06/02/2010 05:12 am ET | Updated May 25, 2011

Recycled Rhetoric From the Vanguard

Why do Rush Limbaugh, Glenn Beck and others attempt to label President Obama as both a redistributive Socialist and a Nazi Fascist? The two labels seem strange bedfellows. Moreover, the fact that, when it comes to the economy, our President likes his government lean makes all this sound tinny.

In his interview with President Obama, CBS News' Harry Smith makes it sound personal. However, the truth is that this has little to do with our President. Obama is right to point out that this vitriol rears its head periodically in America.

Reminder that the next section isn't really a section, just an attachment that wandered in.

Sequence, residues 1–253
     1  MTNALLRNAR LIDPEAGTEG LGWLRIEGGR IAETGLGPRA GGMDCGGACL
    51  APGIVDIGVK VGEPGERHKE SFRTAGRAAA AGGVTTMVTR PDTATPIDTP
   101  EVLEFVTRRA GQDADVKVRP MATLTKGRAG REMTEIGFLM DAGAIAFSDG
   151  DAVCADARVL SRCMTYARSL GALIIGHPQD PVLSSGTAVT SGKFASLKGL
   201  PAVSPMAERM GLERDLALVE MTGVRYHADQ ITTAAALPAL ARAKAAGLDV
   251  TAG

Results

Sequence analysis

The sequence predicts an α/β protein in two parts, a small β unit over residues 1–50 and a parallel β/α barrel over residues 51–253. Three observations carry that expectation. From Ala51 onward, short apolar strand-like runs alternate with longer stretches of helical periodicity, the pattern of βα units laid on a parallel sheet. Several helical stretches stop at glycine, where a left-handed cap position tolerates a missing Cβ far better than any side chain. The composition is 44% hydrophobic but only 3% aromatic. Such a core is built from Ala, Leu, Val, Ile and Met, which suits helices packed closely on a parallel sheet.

Although Limbaugh, Beck, Sarah Palin and the Tea Party are each new and special, the rhetoric is not.

Throughout the Twentieth Century, efforts to curb beggar-thy-neighbor economic models were also labeled feudalism, fascism, communism, and socialism. Often all at once.

For example, in The Road to Serfdom, F. A. Hayek conjured the triad of feudalism, fascism and communism to attack the post-War Welfare State.

Also, Milton Friedman wrote the Preface to the 50th Anniversary Edition of Hayek's book, extending the critique to not only President Lyndon Johnson's Great Society Programs, but also to President George H. W. Bush's Clean Air Act and American with Disabilities Act.

That said, even if many of our politicians and pundits are merely entertainers, they do choose words like socialism and fascism because they pack a punch. Greater care must be taken. Rhetoric, even stale and recycled, can be dangerous.